Well, Vodafone certainly got engaged (at an accelerated pace once I’d posted this, and it had had a bit of RT love). Tweets, the address for the Data Protection team, and finally a very friendly phone call. Nice work. So it turns out I made an inaccurate assumption in the post above, which puts a different cast on some of the story, but raises other questions. You don’t have to be logged in to the site to use the “contact us” web form. In fact, whether you’re logged in or not (I happened to be), the web form simply has the function of sending an email to Vodafone, to which they will then respond via “standard” email. One might ask why they don’t just provide an email address: I suppose they avoid some spam this way, but you also lose the benefit of being able to see what you reported in your sent items… Swings and roundabouts.
More serious though is that much is made of the web form being secure (https). A level of comfort which is then utterly undermined by the subsequent request for that personal information to be sent back to them in clear email. I offered some alternative approaches, including taking advantage of the ability to log in securely in order to establish a much smoother, and less risky, communication channel. And a few pointers on copywriting to ensure that users don’t get the sort of surprise I did at being asked to email a bunch of personal data back at them.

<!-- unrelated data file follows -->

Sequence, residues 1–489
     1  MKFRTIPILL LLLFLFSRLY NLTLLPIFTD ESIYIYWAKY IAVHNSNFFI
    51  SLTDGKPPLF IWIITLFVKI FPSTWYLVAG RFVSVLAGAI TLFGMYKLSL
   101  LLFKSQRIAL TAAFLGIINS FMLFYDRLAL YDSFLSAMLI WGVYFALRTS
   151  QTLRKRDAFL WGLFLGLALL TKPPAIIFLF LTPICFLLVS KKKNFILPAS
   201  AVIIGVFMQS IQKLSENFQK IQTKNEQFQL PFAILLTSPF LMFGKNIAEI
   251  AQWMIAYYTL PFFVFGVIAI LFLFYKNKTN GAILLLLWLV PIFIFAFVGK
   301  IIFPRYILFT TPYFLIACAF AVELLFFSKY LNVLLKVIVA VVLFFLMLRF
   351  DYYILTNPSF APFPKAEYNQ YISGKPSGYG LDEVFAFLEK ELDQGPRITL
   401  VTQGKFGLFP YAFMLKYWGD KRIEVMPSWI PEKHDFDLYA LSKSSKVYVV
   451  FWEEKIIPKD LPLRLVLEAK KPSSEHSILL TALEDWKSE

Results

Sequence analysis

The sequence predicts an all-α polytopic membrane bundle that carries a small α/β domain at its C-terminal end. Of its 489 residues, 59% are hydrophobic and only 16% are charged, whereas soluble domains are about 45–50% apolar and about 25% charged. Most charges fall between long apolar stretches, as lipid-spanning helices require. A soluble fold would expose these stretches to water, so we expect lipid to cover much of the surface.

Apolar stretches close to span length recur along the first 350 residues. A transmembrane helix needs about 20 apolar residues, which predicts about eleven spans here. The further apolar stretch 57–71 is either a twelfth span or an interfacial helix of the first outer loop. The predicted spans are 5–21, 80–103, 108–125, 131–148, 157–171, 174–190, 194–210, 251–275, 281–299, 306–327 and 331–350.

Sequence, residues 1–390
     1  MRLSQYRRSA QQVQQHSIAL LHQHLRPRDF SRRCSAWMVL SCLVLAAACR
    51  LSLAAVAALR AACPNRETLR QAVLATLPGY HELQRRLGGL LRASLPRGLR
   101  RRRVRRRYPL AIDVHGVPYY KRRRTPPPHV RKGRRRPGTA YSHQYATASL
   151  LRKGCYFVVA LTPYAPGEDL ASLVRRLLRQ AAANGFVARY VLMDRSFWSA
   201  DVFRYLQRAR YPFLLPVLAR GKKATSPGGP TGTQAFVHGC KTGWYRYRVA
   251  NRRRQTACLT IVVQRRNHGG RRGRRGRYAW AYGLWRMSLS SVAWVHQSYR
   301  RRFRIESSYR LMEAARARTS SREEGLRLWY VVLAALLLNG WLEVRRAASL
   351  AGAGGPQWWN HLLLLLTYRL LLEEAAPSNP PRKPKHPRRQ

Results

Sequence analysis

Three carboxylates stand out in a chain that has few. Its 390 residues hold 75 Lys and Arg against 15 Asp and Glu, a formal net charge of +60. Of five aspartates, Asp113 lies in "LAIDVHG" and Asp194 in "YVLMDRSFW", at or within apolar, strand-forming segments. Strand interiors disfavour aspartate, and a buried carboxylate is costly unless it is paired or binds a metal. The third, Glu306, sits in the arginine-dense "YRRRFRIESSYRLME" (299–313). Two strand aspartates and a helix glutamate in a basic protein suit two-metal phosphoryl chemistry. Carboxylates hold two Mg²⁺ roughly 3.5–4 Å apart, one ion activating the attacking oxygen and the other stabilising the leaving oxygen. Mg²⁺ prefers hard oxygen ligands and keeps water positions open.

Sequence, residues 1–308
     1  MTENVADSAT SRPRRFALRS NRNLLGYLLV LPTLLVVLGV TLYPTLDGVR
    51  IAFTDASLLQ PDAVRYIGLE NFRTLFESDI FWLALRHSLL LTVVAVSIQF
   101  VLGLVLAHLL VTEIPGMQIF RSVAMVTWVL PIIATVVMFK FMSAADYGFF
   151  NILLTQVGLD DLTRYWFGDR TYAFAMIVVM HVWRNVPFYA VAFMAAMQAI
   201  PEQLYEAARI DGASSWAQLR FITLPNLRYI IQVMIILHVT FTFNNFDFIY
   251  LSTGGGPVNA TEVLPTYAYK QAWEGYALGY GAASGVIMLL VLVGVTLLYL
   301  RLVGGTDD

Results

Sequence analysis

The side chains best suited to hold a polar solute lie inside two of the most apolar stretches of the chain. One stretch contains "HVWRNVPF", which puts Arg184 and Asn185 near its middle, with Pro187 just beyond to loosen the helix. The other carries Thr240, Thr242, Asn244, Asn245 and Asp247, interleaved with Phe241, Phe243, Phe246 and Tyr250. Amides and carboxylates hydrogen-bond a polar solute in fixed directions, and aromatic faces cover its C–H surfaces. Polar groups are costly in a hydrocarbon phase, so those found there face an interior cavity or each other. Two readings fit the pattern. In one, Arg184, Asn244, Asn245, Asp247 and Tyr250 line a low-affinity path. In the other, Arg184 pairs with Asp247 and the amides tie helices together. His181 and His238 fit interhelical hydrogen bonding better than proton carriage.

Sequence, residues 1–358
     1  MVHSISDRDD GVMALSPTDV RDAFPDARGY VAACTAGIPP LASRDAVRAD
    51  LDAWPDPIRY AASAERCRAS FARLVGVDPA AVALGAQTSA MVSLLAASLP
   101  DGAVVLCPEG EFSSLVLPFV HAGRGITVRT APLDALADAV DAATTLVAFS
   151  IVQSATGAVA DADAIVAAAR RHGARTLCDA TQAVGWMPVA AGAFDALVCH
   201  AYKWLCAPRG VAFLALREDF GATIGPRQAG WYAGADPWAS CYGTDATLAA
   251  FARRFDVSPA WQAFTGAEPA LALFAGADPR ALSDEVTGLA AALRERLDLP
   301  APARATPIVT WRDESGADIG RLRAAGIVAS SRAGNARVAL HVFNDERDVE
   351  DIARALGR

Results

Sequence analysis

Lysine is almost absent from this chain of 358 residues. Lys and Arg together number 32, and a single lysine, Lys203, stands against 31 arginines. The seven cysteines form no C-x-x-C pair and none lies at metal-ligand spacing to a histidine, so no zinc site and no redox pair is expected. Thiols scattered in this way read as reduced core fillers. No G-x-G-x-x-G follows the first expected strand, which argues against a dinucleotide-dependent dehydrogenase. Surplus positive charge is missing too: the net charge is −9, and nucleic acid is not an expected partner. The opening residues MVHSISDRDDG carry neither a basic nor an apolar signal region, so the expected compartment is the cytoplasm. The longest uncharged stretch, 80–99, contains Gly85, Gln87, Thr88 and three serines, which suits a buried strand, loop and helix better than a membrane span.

It makes a certain, convoluted sense that they then have to ask these personal information questions in order to satisfy their Principle Seven obligations, but only because they’ve paid insufficient attention to contact design in the first place. I noted that in all the online transactions I’ve used (and that’s quite a lot) some of them involving rather bigger lumps of money, or data of greater sensitivity, than a phone account, I’d never been asked to provide information in clear like this. And that by itself should be a clue that all was not as it should be. The combination of address, date of birth, and an account number provides a malefactor with a heck of a headstart in further social engineering, and there’s really no excuse for asking it to be passed over like that.
We’ll see what changes.